Unusual record types

Records that are not used by the targeted typical client are also a detection technique.

Traffic Analysis:

The volume of DNS traffic per IP address

Look for DNS traffic created by one client’s IP address. Tunneled data is restricted to 512 bytes per request hence the attacker need to create a large number of requests.

DNS traffic saturation per domain

A less reliable technique includes tracking the unusual number of requests back to the domain name. Since tunneling can be configured to multiple domain names, this technique isn’t reliable.

Unusual hostnames per domain

DNS tunneling utilities use unusual hostnames for their requests which might all lead to a domain name indicating tunneling.

The geographic location of the DNS server

Receiving unusual DNS traffic from geographical locations that are unknown should be monitored. Organizations will have predefined whitelisted authoritative DNS servers.

Security Controls

NGFW, Secure Web Gateway, SASE, and DNS Firewalls are all cybersecurity solutions that have DNS tunneling detection capabilities through signature detection and DNS deep packet inspection capabilities.

DNS Tunneling Utilities

Attackers may use any of the following DNS tunneling utilities and is a great way to identify any potential use within your environment using Windows Events or System Logs.

  • DeNise
  • dns2tcp
  • meterpreter
  • DNScat
  • Heyoka
  • Iodine
  • NSTX
  • OzymanDNS
  • psudp
  • squeeza
  • tcp-over-dns
  • Psiphon
  • TUNS
  • Malware using DNS

How can you prevent DNS tunneling?

Beyond the cybersecurity controls that would be expected within an organization, there are very specific methods to prevent DNS tunneling attacks. Here are a few of our favorite ones.

  • Using a DNS malicious domain verification against all DNS requests would be a good start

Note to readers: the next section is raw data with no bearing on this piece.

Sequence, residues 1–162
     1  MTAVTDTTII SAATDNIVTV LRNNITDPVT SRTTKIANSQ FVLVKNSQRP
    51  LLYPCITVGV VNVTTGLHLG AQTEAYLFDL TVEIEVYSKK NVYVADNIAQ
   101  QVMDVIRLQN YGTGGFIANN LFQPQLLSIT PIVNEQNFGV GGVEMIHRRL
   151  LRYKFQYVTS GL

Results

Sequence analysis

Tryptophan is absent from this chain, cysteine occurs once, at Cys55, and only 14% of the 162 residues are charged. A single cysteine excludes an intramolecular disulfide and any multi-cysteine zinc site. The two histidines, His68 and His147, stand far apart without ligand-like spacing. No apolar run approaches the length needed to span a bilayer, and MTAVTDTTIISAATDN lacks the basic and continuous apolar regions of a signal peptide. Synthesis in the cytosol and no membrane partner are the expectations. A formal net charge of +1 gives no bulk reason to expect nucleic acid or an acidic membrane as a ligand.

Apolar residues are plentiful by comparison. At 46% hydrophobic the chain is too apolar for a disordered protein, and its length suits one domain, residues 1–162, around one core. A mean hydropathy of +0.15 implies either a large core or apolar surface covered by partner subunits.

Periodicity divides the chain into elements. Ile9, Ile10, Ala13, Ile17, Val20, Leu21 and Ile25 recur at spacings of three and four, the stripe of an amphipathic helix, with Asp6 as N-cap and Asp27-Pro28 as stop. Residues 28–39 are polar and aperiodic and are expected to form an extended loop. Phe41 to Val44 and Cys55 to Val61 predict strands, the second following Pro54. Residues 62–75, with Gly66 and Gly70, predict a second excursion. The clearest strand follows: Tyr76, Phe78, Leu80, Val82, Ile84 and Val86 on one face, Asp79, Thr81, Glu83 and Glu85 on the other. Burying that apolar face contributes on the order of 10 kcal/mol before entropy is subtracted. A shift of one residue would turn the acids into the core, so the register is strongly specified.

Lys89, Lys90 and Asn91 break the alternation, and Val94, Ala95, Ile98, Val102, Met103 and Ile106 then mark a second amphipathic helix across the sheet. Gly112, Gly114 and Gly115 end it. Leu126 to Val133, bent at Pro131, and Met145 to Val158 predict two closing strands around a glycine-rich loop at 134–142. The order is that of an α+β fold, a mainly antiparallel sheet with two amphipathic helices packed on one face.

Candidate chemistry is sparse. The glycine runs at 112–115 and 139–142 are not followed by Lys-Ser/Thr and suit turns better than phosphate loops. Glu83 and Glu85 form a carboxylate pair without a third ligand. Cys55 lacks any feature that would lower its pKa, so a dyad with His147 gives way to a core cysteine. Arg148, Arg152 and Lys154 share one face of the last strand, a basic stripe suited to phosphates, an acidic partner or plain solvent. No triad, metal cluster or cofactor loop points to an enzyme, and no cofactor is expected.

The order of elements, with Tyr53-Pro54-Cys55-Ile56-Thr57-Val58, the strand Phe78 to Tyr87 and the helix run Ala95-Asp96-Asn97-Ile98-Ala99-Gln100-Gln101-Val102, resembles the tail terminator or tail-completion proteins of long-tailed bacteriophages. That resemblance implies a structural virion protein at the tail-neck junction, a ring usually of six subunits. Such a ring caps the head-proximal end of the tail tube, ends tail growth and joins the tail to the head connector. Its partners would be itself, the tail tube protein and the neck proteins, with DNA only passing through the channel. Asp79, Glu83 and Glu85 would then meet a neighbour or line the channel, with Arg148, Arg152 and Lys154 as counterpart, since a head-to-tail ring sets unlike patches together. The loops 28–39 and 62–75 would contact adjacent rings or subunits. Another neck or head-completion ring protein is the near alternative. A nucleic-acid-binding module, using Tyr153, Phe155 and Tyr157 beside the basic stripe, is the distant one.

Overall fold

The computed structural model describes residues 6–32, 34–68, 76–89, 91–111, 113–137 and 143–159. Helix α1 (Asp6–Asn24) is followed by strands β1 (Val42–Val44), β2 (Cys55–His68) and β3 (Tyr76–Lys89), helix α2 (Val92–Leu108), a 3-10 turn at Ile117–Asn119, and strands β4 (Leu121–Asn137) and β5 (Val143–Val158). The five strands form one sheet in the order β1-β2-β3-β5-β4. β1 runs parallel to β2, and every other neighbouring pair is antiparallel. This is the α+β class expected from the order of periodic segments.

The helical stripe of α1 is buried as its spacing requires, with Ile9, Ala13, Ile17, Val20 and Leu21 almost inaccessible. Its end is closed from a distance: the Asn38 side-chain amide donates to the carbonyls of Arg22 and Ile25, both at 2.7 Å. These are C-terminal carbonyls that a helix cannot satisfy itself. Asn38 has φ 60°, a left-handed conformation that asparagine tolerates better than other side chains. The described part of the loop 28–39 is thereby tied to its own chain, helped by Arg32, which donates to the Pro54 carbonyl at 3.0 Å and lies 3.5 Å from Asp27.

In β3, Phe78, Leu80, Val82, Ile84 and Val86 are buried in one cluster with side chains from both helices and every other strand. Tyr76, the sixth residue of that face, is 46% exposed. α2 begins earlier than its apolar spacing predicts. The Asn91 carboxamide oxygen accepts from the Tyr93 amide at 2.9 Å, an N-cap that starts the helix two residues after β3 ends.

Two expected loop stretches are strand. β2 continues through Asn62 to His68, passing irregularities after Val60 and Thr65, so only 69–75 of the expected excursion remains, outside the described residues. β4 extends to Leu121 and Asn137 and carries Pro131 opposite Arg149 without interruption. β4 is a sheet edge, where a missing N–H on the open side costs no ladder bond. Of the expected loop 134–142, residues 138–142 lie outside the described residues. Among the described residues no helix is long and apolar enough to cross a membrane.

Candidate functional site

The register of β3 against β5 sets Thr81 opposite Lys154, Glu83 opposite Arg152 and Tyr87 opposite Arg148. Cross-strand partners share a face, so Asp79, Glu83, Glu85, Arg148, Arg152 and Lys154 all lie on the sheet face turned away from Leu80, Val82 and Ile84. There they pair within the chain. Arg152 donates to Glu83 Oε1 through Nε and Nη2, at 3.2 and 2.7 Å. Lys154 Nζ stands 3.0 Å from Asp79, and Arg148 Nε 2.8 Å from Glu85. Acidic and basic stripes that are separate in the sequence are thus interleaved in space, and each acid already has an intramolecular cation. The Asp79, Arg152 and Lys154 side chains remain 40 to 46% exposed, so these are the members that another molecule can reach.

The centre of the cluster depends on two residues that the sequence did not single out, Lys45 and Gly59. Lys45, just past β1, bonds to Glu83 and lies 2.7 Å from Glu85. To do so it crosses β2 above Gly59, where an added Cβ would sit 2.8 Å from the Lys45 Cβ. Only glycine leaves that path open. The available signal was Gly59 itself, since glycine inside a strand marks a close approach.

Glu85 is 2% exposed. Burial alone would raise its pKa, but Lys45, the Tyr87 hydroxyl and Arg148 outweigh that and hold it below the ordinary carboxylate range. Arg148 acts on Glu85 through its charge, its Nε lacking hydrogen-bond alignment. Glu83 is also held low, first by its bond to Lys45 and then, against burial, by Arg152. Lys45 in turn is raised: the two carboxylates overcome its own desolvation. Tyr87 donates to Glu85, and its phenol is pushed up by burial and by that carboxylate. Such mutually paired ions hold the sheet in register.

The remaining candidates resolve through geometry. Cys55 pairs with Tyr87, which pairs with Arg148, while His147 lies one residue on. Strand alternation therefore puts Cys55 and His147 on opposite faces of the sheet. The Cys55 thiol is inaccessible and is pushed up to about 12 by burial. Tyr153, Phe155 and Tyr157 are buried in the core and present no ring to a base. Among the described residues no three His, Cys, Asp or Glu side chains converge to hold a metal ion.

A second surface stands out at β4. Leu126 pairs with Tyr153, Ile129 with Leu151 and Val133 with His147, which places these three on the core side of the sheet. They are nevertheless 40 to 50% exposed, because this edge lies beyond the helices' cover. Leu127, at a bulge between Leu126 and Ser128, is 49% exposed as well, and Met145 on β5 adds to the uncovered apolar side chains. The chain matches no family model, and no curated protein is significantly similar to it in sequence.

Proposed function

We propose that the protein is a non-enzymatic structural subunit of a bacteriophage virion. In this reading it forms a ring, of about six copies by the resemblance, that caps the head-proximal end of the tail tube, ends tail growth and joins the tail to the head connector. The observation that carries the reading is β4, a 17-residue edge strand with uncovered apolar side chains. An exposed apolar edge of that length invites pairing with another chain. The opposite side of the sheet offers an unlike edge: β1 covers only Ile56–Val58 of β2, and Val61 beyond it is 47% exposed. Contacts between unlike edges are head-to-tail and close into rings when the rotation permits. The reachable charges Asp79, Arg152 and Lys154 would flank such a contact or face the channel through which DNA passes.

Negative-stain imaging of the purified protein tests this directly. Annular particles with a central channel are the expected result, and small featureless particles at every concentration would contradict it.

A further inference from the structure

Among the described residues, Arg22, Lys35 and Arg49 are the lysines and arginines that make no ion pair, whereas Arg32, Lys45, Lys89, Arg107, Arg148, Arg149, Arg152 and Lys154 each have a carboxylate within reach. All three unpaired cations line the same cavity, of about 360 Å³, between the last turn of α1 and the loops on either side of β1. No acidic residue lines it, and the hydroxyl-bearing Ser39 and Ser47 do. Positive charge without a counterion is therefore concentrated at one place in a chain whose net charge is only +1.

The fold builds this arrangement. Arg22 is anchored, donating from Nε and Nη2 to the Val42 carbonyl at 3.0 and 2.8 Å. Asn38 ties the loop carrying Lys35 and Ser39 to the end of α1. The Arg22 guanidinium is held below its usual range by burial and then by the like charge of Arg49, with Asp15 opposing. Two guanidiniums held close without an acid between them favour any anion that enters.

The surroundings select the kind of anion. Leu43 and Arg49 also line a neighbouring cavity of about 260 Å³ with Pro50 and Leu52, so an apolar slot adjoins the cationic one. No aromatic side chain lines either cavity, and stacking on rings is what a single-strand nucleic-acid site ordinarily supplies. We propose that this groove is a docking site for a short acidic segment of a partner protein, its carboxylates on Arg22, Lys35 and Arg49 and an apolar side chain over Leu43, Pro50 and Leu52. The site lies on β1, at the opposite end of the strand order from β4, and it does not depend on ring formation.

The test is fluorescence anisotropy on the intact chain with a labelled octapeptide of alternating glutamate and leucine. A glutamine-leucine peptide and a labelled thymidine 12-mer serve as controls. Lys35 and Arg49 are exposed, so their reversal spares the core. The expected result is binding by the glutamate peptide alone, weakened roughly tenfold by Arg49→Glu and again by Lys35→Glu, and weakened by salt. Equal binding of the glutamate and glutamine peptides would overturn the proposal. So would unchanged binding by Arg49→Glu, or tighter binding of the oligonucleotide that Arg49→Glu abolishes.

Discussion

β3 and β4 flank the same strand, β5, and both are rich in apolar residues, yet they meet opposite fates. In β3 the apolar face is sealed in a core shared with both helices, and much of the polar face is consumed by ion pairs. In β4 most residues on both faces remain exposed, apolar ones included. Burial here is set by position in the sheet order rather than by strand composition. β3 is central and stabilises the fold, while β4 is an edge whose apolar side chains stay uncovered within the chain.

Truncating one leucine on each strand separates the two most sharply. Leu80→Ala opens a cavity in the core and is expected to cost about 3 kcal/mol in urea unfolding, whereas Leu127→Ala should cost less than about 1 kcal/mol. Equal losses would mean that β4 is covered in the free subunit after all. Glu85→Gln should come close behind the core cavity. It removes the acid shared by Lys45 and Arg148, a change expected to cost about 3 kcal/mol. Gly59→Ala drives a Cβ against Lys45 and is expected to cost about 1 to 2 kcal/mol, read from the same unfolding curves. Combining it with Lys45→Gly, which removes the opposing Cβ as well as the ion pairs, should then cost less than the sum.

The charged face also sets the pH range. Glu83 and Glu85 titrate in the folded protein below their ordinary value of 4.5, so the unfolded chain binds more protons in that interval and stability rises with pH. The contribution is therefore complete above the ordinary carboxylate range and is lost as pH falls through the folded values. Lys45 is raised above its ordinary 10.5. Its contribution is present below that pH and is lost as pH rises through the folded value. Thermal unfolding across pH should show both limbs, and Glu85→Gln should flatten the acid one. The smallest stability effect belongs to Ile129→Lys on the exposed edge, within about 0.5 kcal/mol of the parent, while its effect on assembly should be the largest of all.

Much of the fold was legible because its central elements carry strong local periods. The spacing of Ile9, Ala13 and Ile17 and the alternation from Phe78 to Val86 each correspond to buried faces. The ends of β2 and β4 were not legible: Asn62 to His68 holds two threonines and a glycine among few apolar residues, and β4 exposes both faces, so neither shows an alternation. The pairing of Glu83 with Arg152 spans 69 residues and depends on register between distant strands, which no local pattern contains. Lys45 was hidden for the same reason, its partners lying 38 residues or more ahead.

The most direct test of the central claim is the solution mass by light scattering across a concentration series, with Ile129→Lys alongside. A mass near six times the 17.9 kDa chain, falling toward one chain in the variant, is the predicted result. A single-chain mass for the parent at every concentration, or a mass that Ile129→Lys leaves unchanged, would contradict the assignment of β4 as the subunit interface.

• Since DNS tunneling relies on sending encoded malicious DNS requests, blocking the suspicious DNS methods can prevent the attack. Such DNS traffic can be monitored by NGFW like Palo alto and Fortinet which monitor the DNS traffic and block malicious activity. Fortinet Threat Intelligence Service FortiGuard is used for signature-based detection of DNS tunneling attacks
  • Whitelist your DNS authoritative server on your perimeter firewalls, all other use of DNS protocol should be blocked to non-whitelisted IP addresses
  • DNS firewall should be employed which can validate all DNS queries before forwarding unresolved queries to authoritative DNS servers once screening checks are passed
  • Analysis of the DNS requests that may seem unusual. Tracking such patterns and blocking them would prevent DNS tunneling.
  • Log and monitor DNS queries and response data. There is a need for continuous monitoring. DNS logs can be monitored by SIEM and CSOC.
  • DNSSEC, access restrictions, and other architecture upgrades can help protect recursive servers against unauthorized access and modification.
  • Enable a real-time DNS solution that identifies suspicious DNS server requests and patterns and performs sink-holing
  • Behavioral analytics to identify and block DNS tunnels which can efficiently block DNS tunnels after processing only a few queries. It works by detecting and blocking DNS tunnels using comprehensive behavioral analytics by analyzing the DNS queries pattern.
  • Enterprise tools also provide DNS proxy functions. This proxy can be used to protect DNS traffic. The service monitors all traffic that passes through this proxy firewall. These logs are analyzed and forwarded to the DNS tunneling detection engine
  • To tackle DNS tunneling for remote users DNS proxy functionality also exists in SASE platforms.
  • Deploying machine learning techniques on DNS traffic to detect anomalies in patterns as explained earlier.